Building the 'Swift':
The "'Swift'" is a 15' plywood double chine dinghy. She is constructed using the stitch and glue (or tack and tape) method without the use of an upside-down internal framework of bulkheads, chines and keelson to build over. Instead, the complete port/starboard hull panels are made up on the bench prior to assembly, which takes place in a simple cradle. This is possible as nearly a third of the hull in the bow section forms an uninterrupted panel. From there on the bottom and two topsides diverge from the 'joined-up' forebody and form the chines.
The inwales (inner gunwale), seat top stringers and floor stiffeners are glued on to the panels while on the bench.
In the first picture you see the construction cradle, which is made from particle (chip-) board. These boards are second hand material. Anything structurally sound will do.
In the background (right) are the hull panels already joined up loosely with wire ties along the keel and stem; ready for placement in the cradle.
The next picture shows the two hull panels standing vertically in the cradle. To keep the panels from flopping about, even for transport to the cradle, they are clamped together with two pieces of light lumber.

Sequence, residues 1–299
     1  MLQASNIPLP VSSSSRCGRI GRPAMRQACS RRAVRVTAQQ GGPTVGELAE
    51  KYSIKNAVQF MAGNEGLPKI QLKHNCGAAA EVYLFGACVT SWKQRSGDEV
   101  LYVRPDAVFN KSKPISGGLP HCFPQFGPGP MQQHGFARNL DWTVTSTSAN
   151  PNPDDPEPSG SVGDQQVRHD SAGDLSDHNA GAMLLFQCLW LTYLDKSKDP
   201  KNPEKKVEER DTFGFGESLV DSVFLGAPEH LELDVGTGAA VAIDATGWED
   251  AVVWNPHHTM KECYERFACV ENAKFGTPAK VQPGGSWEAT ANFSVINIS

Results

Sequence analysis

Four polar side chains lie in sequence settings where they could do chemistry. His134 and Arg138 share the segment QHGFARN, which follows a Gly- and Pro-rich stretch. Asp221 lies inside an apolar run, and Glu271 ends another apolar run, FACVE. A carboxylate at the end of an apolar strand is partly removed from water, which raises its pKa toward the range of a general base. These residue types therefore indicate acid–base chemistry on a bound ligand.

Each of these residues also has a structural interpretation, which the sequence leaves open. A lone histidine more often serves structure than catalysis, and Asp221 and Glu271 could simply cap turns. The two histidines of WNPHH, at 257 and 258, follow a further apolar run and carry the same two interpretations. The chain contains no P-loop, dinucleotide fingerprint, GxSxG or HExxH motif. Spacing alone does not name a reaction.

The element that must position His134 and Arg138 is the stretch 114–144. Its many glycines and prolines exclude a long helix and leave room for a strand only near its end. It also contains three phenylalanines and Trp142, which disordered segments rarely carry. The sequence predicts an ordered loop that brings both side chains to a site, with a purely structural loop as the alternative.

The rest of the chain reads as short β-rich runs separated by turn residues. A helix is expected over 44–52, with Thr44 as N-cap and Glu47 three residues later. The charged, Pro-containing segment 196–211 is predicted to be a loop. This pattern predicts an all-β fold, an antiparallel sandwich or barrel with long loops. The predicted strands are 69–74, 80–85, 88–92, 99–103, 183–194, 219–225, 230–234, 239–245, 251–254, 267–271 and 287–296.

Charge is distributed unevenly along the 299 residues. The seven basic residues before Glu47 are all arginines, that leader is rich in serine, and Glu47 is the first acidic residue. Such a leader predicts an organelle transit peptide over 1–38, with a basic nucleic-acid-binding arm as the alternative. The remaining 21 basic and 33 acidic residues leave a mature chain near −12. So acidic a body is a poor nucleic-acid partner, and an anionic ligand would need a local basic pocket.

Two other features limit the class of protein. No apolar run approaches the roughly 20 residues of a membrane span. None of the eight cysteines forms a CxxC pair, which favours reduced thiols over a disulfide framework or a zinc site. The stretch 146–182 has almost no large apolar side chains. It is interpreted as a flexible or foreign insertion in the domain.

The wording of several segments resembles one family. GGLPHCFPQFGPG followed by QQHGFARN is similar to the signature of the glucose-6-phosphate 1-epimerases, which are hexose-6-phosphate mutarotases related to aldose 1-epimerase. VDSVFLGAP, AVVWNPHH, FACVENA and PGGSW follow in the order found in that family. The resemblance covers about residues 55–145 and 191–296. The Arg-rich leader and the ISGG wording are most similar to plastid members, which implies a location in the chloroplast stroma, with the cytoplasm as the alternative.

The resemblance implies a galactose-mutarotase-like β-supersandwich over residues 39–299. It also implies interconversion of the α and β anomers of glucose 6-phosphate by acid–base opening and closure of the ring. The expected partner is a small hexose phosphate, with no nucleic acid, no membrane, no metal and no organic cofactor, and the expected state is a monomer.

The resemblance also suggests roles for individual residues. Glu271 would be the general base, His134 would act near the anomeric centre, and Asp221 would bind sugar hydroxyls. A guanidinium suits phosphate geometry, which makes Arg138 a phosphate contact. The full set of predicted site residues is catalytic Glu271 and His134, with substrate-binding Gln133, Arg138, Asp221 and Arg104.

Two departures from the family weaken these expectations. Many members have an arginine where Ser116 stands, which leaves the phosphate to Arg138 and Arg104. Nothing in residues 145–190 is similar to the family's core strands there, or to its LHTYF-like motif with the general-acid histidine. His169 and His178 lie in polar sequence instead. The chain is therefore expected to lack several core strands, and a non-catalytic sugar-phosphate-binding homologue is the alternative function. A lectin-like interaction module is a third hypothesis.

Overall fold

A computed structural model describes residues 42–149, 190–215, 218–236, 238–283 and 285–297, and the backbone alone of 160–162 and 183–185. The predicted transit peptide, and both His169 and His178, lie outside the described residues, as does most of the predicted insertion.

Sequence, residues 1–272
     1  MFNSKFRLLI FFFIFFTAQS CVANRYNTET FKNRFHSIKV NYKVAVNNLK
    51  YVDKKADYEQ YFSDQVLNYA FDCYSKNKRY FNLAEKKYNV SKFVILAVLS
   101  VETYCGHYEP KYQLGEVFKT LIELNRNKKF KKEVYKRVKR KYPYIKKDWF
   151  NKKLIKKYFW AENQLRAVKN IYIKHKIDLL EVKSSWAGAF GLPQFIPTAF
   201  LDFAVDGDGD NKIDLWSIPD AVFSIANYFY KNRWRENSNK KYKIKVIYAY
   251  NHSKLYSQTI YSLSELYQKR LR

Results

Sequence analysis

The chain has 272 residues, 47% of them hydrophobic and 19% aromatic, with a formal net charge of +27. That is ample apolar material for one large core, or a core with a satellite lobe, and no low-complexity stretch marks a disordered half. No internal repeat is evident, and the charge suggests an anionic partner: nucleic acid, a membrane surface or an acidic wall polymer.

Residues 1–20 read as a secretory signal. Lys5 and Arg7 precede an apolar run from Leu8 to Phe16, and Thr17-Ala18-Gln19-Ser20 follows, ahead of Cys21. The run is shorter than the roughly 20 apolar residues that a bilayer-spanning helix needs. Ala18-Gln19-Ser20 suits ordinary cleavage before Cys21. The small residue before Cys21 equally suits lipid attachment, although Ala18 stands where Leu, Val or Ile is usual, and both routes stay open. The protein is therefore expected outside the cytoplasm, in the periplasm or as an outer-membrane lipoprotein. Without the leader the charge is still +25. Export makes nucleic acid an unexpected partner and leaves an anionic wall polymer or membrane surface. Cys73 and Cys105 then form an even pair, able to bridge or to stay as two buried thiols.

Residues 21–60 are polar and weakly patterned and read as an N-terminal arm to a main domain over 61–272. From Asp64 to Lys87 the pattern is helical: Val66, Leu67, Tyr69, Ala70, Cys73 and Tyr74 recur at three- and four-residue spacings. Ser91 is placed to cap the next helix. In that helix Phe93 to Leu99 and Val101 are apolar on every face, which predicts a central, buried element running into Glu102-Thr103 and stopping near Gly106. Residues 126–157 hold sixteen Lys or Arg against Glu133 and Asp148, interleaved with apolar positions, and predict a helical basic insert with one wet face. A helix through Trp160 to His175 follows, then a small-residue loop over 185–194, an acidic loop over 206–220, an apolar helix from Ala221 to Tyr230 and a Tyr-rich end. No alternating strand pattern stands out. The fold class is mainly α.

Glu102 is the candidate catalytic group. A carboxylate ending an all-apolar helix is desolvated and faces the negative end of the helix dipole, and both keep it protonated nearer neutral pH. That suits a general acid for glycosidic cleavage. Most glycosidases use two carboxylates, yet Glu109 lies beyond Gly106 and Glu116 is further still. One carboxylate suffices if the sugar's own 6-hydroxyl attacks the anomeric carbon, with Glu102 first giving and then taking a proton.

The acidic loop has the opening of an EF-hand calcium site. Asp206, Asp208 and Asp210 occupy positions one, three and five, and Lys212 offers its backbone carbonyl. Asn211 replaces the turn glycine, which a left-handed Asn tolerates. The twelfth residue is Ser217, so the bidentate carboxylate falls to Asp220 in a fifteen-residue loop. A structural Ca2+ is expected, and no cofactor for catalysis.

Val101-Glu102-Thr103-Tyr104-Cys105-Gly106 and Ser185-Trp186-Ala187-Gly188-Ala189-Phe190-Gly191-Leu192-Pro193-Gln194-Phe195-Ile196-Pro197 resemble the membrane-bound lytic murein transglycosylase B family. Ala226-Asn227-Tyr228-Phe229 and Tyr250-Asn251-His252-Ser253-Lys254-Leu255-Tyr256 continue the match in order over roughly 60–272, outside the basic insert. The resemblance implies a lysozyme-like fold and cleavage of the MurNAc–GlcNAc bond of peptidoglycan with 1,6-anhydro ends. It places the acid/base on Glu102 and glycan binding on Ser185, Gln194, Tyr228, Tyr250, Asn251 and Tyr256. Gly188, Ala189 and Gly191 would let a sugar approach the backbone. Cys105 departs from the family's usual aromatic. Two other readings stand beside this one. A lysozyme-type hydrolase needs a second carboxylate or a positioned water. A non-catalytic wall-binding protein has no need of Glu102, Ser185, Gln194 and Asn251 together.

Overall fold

A set of small blocks with light lines leading to the four topside panels and one to the top of the bow are used for control during the opening up.
The following pictures, below, show the panels as they unfold fully to the shape of the boat, after taking the lumber bracing off.
|Some weights, the two permanent bulkheads and a spreader at midships are used in the process. Wire ties are added progressively to the chines. The transom is fitted last.
The boat will be completed by glassing the chines, stem/keel and transom, after which the bulkheads, centerboard case and buoyancy/seats and foredeck are fitted. Last the outer gunwale will be fitted before turning over and glassing the outside joints.
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